Becoming Good American Schools: The Struggle for Civic Virtue in Education Reform

By Jeannie Oakes; Karen Hunter Quartz et al. | Go to book overview

Chapter Six
Becoming Participatory

Thomas Jefferson posed the ideal of a democracy in which every citizen participates in public affairs, not just at the ballot box but every day. Jefferson (and more recently Martin Luther King, Jr.) wanted ordinary citizens to engage actively in public affairs. Their participation must entail more than climbing onto a bandwagon or following a charismatic leader. Clearly, King's twentieth-century conception of grassroots activism for reformed social policy was far more inclusive than Jefferson's eighteenth-century view of citizens making dispassionate judgments about their leaders. But both sought a public sphere in which free and enlightened people—who may differ in their backgrounds, resources, and interest—work together to solve public problems, advance the common good, and shape the direction of the democracy.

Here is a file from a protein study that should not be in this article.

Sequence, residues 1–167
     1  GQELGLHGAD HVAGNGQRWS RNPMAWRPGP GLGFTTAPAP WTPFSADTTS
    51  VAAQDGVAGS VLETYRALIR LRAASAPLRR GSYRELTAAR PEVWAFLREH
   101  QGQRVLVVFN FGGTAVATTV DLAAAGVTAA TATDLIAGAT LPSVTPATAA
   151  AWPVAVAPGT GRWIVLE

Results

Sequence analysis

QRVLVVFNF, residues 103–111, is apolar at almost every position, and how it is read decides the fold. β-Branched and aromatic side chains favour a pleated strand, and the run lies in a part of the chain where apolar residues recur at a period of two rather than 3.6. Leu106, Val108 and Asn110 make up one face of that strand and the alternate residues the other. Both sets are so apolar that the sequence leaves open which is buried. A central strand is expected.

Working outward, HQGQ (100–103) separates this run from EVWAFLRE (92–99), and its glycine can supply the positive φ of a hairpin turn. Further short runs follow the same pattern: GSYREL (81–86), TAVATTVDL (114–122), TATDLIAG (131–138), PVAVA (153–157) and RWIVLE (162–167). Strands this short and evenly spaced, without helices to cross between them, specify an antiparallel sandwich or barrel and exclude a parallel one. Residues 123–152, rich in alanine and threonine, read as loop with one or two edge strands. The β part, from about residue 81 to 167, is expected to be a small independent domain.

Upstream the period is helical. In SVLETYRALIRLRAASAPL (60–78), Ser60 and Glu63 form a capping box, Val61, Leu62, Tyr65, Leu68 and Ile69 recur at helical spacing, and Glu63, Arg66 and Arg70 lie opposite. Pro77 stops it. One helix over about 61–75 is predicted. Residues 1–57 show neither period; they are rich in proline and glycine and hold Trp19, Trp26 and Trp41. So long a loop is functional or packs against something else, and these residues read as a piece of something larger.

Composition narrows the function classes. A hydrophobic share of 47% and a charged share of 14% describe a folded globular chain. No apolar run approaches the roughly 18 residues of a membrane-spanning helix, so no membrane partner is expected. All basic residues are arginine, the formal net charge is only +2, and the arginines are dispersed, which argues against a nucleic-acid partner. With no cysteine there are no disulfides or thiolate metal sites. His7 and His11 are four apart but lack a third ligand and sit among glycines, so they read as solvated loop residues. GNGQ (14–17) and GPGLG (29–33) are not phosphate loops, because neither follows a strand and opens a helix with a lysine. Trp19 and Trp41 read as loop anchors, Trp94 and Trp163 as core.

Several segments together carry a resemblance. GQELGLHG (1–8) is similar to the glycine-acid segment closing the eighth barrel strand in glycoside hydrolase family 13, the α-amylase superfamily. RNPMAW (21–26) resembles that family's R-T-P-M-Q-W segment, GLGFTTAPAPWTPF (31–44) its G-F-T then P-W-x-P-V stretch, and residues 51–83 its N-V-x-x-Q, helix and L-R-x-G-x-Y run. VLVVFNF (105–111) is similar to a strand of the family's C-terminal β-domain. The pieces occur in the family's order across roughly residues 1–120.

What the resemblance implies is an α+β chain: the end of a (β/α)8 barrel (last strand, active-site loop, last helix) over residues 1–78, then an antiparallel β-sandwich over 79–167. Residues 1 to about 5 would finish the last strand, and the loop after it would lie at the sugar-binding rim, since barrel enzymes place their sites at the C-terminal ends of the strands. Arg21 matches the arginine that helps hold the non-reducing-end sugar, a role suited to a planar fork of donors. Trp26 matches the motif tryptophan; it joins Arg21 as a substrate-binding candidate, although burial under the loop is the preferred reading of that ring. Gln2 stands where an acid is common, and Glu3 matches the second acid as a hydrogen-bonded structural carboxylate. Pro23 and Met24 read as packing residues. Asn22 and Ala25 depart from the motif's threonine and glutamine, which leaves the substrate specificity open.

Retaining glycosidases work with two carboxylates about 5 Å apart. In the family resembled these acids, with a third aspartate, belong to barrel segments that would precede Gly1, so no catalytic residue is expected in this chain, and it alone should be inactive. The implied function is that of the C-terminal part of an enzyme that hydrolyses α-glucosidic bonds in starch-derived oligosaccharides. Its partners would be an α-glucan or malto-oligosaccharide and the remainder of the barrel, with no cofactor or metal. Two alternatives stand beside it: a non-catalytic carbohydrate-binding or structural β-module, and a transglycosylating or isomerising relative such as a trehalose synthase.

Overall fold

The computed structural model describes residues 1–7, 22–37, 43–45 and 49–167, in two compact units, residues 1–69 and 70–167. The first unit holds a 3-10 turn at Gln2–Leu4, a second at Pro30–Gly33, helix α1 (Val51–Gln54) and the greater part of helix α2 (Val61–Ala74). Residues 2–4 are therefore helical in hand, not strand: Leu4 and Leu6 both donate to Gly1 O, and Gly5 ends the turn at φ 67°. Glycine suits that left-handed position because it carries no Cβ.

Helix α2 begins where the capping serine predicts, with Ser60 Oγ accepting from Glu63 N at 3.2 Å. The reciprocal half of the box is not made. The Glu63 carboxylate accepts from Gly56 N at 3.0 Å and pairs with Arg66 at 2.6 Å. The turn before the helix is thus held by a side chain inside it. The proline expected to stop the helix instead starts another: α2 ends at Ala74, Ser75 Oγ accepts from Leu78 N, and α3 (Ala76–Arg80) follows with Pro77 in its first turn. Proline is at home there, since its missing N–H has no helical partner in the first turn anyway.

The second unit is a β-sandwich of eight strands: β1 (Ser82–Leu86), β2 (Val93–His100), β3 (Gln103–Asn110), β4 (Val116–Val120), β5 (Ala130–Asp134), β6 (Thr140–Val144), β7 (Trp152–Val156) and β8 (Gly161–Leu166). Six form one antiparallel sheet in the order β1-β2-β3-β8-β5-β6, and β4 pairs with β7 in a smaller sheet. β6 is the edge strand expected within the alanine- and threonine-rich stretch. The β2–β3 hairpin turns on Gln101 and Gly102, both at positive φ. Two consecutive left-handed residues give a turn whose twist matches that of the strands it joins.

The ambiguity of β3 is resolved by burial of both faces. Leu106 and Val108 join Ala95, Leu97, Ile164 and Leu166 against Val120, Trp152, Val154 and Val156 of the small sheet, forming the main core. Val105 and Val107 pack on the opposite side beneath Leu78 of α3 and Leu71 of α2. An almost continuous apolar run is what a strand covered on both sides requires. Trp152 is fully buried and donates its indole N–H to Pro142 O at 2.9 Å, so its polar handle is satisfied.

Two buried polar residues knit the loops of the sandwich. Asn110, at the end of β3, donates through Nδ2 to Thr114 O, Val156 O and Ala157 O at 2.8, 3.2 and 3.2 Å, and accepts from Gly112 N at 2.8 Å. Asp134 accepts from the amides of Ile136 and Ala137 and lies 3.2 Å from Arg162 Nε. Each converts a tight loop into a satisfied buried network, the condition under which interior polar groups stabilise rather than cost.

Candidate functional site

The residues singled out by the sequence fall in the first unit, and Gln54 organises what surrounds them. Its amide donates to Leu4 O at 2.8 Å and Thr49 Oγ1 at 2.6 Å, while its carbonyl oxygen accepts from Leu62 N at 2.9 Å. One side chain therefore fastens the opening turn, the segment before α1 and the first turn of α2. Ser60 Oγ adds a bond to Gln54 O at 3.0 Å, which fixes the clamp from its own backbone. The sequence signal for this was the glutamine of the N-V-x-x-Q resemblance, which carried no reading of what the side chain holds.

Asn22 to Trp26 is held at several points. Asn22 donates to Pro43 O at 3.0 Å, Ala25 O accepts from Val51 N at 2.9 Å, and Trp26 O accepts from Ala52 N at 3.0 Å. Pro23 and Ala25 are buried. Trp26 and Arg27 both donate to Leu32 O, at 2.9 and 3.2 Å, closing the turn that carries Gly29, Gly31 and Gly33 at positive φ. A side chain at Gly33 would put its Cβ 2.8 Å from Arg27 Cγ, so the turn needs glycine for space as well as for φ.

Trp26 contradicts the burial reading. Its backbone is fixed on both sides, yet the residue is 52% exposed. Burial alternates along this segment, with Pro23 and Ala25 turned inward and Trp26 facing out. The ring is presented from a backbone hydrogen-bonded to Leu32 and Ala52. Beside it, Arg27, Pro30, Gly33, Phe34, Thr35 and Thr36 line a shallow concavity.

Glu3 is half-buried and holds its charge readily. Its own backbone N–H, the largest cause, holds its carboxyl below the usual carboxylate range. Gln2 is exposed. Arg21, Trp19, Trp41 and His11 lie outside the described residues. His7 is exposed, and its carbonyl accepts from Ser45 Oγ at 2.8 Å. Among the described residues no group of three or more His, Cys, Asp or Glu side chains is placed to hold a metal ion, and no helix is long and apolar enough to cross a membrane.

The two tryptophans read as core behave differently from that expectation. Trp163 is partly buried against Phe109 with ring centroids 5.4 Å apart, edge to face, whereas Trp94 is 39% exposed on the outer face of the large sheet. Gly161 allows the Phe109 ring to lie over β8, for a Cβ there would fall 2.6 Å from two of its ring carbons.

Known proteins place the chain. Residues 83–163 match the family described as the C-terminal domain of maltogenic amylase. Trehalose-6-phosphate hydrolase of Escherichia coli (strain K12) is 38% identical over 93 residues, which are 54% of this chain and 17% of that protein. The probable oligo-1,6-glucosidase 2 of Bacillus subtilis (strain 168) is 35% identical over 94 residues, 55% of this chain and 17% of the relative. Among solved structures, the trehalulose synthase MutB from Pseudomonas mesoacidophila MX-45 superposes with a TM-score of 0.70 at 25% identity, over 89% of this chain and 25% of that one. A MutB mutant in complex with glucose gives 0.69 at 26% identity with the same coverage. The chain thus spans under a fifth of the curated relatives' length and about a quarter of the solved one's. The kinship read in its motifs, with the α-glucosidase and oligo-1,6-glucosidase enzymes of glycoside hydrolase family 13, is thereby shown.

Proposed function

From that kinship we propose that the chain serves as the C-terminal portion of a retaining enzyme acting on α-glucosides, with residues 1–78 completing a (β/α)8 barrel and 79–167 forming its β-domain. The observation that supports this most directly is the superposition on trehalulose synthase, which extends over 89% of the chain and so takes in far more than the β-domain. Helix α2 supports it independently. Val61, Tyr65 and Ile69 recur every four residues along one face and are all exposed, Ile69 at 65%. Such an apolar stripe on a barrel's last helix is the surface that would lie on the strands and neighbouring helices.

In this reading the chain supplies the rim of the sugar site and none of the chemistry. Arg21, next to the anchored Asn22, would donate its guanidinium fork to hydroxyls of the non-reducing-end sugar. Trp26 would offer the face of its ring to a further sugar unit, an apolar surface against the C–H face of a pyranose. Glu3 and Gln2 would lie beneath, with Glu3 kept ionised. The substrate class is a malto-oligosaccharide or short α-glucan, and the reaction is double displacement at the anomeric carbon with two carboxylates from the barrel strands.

As it is to the public goods of well-educated citizens, inclusive institutions, and caring communities, however, American's commitment to participatory democracy is ambivalent. King's popular legacy, constructed as much by social elites as by the people King sought to empower, obscures the pivotal connections he drew between power and participation. King sought to mitigate unrestrained marketplace participation,

We are indebted to Jennifer Gong for her significant contributions to earlier versions of this chapter.

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